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PV System Sizing - Interactive tutorial
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Electrical Load Calculation -How Much Power Does Your
Renewable System Need?
Finding The Sun
The first thing you need to do when siting a house or solar panel, is to find the Sun. True South (not to be confused with Magnetic South) can be determined in a number of ways. (For folks down under, replace south with north.
1. The first thing I'm interested in knowing is my Latitude. A GPS receiver is a handy thing to have, but given the expense, I'll show you the frugal way. Hop on over to http://msrmaps.com/default.aspx, enter your street address, and this handy web app tells me my latitude is 44.69769, and my longitude is -74.74631. (This will come in handy later for positioning your panels and deciding roof pitch).
1.1 NASA Surface meteorology and Solar Energy Data Set -
- Average Daily Radiation on Horizontal Surface (kWh/m2/day)
- Average Temperature (° C)
- Average Relative Humidity (%)
- Average Wind Speed (m/s)
- Heating Design Temperature (° C)
- Cooling Design Temperature (° C)
- Mean Earth Temperature (° C)
- Annual Earth Temperature Amplitude (° C)
- Average Summer Daily Temperature Range (° C)
- Average Atmospheric Pressure (kPa)
- Heating degree-days below 18 ° C
- Frost Days at Site (days)
2. Now I hop on over to http://www.esrl.noaa.gov/gmd/grad/solcalc/, plug in my longitude and latitude, and it gives me my solar noon time (midday).
3. Put a stick in the ground. The shadow at solar noon is a direct line from True South to True North. This is the direction your house or fixed panels should be lined up on for maximum solar absorbence.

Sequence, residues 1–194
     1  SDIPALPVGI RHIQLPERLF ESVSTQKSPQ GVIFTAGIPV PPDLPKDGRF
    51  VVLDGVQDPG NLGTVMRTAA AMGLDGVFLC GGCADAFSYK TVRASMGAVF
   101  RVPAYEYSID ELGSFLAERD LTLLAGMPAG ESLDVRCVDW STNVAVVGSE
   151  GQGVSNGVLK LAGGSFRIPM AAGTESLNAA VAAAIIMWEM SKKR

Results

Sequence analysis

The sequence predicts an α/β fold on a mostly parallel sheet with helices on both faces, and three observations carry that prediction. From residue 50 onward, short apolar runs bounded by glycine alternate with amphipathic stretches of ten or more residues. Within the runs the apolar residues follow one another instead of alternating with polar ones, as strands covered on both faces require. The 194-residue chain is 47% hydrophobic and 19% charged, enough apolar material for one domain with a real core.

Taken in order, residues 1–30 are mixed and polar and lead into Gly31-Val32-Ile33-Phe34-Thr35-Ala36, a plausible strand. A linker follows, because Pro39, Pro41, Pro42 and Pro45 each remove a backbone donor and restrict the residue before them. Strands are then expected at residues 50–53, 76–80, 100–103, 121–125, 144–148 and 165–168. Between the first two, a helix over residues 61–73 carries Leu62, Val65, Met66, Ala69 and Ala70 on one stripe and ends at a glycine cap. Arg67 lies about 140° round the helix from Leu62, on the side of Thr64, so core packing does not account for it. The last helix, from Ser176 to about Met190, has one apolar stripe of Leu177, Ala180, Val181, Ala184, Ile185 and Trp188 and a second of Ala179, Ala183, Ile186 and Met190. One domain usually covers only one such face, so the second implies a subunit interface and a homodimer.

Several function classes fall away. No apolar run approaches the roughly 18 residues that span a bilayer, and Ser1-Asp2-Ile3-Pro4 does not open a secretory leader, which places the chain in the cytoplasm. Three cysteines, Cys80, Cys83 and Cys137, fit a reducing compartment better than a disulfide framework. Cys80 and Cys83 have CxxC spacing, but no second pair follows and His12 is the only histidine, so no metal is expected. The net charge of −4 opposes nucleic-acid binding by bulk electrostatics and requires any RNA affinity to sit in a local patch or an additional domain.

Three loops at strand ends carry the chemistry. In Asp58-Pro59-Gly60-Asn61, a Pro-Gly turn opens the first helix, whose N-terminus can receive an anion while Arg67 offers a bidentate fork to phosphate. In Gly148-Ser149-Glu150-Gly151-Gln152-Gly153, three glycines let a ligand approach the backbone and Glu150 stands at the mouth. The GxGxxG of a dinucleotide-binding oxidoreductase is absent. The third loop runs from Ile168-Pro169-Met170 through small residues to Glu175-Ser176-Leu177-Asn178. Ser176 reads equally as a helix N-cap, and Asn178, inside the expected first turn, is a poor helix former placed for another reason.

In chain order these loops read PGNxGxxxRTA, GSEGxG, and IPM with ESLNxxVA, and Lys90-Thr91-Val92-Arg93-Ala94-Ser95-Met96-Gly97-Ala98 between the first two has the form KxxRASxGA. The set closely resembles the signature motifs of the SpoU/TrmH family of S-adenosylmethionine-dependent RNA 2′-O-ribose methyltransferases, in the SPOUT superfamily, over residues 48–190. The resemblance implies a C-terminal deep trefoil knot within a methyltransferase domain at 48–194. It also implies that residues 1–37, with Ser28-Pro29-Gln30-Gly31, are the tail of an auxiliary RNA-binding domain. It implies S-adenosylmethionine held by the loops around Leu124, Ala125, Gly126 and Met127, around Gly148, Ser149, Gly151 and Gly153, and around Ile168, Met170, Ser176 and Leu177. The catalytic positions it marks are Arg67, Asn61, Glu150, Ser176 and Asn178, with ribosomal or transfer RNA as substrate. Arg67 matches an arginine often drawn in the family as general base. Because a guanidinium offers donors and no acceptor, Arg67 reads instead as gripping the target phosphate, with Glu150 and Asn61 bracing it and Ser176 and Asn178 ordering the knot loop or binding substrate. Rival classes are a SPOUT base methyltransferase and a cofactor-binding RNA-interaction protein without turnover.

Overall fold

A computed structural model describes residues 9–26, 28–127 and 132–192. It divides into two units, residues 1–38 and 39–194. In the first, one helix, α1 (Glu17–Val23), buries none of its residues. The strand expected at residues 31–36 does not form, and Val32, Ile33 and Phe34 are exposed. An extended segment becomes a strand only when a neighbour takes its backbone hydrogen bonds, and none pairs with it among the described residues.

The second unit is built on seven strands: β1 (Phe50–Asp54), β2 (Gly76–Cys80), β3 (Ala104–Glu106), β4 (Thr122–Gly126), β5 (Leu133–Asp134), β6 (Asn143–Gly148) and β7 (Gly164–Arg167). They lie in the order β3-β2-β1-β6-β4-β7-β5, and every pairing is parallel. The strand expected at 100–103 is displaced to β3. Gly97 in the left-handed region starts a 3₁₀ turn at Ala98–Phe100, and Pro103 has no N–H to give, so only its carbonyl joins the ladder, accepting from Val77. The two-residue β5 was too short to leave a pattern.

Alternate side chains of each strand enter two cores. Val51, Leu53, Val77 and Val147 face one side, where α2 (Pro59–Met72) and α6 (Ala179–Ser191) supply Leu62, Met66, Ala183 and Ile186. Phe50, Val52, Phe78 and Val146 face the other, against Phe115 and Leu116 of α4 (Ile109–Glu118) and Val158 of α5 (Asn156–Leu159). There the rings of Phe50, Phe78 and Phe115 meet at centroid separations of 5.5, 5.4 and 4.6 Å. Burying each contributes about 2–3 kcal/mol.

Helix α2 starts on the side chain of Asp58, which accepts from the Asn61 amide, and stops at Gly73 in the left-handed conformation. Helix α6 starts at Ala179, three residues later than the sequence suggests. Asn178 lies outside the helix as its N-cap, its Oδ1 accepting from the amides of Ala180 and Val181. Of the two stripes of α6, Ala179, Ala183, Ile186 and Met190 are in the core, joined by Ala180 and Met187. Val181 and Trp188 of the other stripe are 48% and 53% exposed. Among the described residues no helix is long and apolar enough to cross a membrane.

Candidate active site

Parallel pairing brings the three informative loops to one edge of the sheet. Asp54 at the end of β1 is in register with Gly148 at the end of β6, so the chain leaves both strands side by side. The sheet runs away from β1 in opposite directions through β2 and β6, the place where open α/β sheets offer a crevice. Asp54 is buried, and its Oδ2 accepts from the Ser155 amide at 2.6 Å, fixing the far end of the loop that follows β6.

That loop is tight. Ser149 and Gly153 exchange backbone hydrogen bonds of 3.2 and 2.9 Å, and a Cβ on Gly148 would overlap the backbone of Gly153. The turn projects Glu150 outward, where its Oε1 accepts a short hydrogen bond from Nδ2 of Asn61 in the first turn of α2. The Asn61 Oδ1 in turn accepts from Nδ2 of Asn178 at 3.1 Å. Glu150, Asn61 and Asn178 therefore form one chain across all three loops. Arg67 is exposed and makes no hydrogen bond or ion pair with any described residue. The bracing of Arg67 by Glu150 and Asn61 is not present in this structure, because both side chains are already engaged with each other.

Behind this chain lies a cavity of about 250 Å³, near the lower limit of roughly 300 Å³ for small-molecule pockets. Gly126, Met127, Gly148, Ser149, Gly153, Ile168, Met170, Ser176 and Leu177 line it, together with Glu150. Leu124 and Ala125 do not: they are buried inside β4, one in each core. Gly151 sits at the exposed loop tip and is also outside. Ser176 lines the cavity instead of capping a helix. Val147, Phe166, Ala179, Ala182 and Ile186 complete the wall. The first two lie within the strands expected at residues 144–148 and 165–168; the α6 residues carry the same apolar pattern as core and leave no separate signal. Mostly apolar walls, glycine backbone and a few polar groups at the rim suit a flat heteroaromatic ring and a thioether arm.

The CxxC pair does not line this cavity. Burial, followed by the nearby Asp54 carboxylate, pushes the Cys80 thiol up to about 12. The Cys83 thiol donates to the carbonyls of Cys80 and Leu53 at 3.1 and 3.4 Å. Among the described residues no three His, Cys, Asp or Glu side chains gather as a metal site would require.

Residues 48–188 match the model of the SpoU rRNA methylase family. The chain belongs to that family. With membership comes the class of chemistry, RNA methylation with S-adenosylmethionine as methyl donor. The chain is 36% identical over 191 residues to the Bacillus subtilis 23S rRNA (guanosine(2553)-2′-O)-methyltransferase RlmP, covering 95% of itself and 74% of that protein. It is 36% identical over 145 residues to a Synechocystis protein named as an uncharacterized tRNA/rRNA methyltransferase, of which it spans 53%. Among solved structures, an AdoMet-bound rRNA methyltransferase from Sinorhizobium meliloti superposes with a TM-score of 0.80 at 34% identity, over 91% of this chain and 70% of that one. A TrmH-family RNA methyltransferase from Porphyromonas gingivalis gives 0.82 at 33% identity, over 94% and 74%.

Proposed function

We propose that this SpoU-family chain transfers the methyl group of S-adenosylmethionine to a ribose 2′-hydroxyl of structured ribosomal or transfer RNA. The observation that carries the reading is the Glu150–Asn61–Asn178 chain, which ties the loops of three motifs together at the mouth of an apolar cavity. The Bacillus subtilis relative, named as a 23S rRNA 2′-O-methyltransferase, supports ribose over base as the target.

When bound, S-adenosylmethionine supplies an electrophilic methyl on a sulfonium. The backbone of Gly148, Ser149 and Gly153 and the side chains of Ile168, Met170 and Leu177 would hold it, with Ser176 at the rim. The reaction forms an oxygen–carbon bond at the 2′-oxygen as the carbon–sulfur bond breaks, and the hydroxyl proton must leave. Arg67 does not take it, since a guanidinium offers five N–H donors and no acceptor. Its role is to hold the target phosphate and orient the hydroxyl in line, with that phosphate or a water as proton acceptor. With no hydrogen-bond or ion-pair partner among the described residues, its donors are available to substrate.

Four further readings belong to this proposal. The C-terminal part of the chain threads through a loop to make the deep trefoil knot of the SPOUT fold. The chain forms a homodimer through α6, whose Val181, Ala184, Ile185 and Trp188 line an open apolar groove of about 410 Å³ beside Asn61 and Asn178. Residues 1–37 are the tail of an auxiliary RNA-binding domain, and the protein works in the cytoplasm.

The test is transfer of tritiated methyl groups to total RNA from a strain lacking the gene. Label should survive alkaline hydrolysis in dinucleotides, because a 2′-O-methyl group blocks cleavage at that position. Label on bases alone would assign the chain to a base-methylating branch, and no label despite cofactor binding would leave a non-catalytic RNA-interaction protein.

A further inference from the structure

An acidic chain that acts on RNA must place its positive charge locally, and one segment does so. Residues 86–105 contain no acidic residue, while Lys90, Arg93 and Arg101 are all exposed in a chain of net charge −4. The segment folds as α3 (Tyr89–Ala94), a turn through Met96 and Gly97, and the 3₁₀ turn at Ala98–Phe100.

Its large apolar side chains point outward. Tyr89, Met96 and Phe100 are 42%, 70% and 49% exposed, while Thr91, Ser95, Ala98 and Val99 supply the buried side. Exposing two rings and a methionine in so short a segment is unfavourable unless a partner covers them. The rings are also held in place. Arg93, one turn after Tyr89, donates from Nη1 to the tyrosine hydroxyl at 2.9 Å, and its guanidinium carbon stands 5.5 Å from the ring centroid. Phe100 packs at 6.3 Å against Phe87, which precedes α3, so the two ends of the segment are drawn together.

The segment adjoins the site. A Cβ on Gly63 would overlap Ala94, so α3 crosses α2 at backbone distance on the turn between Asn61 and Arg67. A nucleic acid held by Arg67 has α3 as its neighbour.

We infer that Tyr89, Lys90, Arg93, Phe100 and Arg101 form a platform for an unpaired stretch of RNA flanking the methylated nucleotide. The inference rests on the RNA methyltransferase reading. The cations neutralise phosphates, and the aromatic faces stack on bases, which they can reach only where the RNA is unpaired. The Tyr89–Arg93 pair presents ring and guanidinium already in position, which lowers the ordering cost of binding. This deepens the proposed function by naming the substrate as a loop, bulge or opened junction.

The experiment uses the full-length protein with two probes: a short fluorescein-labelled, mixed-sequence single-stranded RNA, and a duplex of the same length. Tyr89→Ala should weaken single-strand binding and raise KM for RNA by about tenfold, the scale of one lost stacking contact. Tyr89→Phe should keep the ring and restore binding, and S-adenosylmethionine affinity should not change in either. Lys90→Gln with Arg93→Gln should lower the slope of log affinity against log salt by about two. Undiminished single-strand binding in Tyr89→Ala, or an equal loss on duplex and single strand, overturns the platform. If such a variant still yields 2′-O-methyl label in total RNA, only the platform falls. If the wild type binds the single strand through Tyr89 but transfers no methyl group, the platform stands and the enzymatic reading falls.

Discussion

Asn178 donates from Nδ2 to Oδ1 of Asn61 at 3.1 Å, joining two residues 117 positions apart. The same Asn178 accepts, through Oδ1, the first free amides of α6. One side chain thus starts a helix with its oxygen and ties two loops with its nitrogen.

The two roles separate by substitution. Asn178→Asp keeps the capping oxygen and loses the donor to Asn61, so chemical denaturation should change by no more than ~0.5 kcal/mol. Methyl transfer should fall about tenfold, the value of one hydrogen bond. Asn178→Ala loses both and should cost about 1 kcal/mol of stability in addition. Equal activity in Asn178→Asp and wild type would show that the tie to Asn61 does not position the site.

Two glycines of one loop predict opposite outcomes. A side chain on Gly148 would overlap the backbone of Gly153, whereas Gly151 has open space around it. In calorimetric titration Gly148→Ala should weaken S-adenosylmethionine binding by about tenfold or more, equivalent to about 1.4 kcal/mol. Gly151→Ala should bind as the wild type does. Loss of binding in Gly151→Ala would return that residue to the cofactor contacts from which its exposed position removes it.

4. For positioning solar panels, head on over to Wattsun enter the Latitude number we discovered earlier. This will give you your tilt angle you need. Panels and roofs should be set at about latitude (from horizontal). In my example that would be 44 degrees. Steepen by up to 15 degrees for better winter collection, or -15 degrees in summer.
5. For detailed information on doing a Solar Site Survey, see Performing the Solar Site Survey
6. For sun charts, declination maps, and an inclinometer (complete kit) see http://www.jshow.com/sunkit/listings/6.html
7. Roofers refer to pitch (angle) in a phrase similar to "10.9 in 12", meaning a roof that rises 10.9 in. for every 12 in. of horizontal run. If you take a steel square, place a mark at 12" on the long side, and at 10.9" on the upright, you will find a 47.8 degree angle. See http://daveosborne.com/dave/articles/roofpitch.php for additional info.
8. PV System Sizing - Interactive tutorial
Map of average daily global solar radiation on a south-facing flat surface at latitude tilt.
See http://www1.eere.energy.gov/femp/pdfs/FTA_pv.pdf for more info.
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